• You may also want to provide some links for the commands/subroutines. – Brad Gilbert Jul 20 '09 at 19:29
• @Daniel: For the same reason (robustness) it's a great idea to use "open my $file, ..." instead of "open FILE, ...", and to local-ise$_ before using it. Then your various handy utilities (cat, grep etc.) can become subroutines that don't trample on global state. – j_random_hacker Jul 21 '09 at 8:24

I don't know what's in your shell script, but don't forget there are tools like

1. a2p - awk-to-perl
2. s2p - sed-to-perl

and perhaps more. Worth taking a look around.

You may find that due to Perl's power/features, it's not such a big job, in that you may have been jumping through hoops with various bash features and utility programs to do something that comes out of Perl natively.

Like any migration project, it's useful to have some canned regression tests to run with both solutions, so if you don't have those, I'd generate those first.

I'm surprised no-one has yet mentioned the Shell module that is included with core Perl, which lets you execute external commands using function-call syntax. For example (adapted from the synopsis):

use Shell qw(cat ps cp);
$passwd = cat '</etc/passwd'; @pslines = ps '-ww'; cp "/etc/passwd", "/tmp/passwd";  Provided you use parens, you can even call other programs in the $PATH that you didn't mention on the use line, e.g.:

gcc('-o', 'foo', 'foo.c');


Note that Shell gathers up the subprocess's STDOUT and returns it as a string or array. This simplifies scripting, but it is not the most efficient way to go and may cause trouble if you rely on a command's output being unbuffered.

The module docs mention some shortcomings, such as that shell internal commands (e.g. cd) cannot be called using the same syntax. In fact they recommend that the module not be used for production systems! But it could certainly be a helpful crutch to lean on until you get your code ported across to "proper" Perl.

The inline shell thingy is called system. If you have user-defined functions you're trying to expose to Perl, you're out of luck. However, you can run short bits of shell using the same environment as your running Perl program. You can also gradually replace parts of the shell script with Perl. Start writing a module that replicates the shell script functionality and insert Perly bits into the shell script until you eventually have mostly Perl.

There's no shell-to-Perl translator. There was a long running joke about a csh-to-Perl translator that you could email your script to, but that was really just Tom Christainsen translating it for you to show you how cool Perl was back in the early 90s. Randal Schwartz uploaded a sh-to-Perl translator, but you have to check the upload date: it was April Fool's day. His script merely wrapped everything in system.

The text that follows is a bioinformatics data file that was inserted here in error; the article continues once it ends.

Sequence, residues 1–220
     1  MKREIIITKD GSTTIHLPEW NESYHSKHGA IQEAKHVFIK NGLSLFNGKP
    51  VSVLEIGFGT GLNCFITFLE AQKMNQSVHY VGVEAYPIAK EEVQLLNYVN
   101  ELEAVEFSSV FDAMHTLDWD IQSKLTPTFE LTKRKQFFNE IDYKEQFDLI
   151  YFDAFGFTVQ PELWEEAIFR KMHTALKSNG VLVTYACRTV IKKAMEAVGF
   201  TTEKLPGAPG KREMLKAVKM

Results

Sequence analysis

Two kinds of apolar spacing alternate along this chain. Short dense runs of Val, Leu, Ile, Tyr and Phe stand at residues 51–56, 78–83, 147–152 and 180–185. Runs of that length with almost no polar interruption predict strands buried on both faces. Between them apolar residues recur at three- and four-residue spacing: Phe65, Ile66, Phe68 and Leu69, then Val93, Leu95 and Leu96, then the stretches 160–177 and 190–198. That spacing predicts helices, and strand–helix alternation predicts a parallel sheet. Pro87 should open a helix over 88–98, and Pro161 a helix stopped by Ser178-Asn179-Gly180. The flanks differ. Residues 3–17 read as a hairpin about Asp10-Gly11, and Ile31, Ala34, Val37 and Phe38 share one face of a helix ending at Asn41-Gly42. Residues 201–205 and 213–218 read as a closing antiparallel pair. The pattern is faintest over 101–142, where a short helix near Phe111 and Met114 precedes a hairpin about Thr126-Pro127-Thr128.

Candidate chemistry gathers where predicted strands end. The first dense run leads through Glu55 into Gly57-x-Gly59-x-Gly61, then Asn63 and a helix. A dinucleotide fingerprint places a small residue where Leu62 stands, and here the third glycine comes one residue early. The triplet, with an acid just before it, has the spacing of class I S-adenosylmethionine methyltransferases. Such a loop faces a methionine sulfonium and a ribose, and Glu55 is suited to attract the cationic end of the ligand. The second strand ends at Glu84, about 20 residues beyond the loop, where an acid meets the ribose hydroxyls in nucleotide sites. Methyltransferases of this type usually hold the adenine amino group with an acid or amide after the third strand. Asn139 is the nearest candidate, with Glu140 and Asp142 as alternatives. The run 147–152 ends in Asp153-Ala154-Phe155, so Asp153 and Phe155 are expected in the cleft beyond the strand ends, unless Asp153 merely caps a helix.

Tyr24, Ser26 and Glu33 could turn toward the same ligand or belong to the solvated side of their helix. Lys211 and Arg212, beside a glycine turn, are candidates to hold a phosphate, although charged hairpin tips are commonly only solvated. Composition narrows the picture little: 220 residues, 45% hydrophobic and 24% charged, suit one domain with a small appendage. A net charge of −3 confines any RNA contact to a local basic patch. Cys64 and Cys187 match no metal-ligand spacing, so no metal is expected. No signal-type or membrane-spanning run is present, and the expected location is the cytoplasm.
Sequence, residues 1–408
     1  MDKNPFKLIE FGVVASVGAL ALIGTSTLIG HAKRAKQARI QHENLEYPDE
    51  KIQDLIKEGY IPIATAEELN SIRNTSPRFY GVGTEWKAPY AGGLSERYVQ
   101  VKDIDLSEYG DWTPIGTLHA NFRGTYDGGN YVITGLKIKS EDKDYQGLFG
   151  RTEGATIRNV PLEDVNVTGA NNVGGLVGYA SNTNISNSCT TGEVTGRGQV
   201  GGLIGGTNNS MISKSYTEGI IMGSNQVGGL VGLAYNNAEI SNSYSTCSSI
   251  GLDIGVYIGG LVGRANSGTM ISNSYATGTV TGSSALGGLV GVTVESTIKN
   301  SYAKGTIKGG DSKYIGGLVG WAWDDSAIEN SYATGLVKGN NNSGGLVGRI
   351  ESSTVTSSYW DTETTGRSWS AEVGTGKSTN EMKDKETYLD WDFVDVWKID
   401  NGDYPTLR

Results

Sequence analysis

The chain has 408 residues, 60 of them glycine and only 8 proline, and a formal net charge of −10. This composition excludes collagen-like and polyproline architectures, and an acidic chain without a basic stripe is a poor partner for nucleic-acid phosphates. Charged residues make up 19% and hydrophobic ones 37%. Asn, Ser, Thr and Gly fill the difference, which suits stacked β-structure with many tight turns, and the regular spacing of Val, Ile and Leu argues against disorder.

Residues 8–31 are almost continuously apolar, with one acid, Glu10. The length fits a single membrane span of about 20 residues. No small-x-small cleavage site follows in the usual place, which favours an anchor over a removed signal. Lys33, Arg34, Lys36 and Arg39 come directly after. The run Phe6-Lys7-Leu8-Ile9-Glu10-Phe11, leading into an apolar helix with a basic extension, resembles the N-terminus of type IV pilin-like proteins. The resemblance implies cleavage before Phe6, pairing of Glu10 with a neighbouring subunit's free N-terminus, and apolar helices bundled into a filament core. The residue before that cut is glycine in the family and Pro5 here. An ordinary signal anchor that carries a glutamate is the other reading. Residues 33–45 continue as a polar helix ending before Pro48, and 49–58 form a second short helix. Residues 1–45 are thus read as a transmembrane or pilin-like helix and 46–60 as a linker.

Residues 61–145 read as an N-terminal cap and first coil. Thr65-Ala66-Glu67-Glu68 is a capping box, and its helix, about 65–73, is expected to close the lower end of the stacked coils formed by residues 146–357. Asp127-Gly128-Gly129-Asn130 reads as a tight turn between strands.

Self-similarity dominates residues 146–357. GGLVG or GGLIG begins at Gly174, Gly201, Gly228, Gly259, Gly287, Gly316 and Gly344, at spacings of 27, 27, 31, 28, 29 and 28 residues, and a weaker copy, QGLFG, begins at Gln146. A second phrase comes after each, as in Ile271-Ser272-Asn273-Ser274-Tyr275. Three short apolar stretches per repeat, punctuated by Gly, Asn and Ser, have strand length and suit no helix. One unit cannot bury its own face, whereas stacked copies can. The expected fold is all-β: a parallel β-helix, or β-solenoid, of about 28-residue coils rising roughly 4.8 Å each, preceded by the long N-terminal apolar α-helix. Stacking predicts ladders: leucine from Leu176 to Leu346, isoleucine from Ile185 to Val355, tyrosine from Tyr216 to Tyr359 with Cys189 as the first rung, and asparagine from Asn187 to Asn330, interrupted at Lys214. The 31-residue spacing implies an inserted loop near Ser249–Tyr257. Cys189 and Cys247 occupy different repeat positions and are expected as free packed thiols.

Whatever you do, don't lose the original shell script. :)

I agree that learning Perl and trying to write Perl instead of shell is for the greater good. I did the transfer once with the help of the "Replace" function of Notepad++.

However, I had a similar problem to the one initially asked while I was trying to create a Perl wrapper around a shell script (that could execute it).

I came with the following code that works in my case.

It might help.

#!perl
use strict;
use Data::Dumper;
use Cwd;

our %VAR;

open SH, "<$ARGV[0]" or die "Error while trying to read$ARGV[0] ($!)\n"; my @SH=<SH>; close SH; sh2perl(@SH); #Subroutine to execute shell from Perl (read from array) sub sh2perl { #Variables my %case; #To store data from conditional block of "case" my %if; #To store data from conditional block of "if" foreach my$line (@_) {
#Remove blanks at the beginning and EOL character
$line=~s/^\s*//; chomp$line;

if ($line=~/^(#.*|\s*)$/) {
#Do nothing
}

#Conditional block - Case
elsif ($line=~/case.*in/..$line=~/esac/) {
if ($line=~/case\s*(.*?)\s*\in/) {$case{'var'}=transform($1); } elsif ($line=~/esac/) {
delete $case{'curr_pattern'}; #Run conditional block my$case;
map { $case=$_ if $case{'var'}=~/$_/ } @{$case{'list_patterns'}};$case ? sh2perl(@{$case{'patterns'}->{$case}}) : sh2perl(@{$case{'patterns'}->{"*"}}); } elsif ($line=~/^\s*(.*?)\s*\)/) {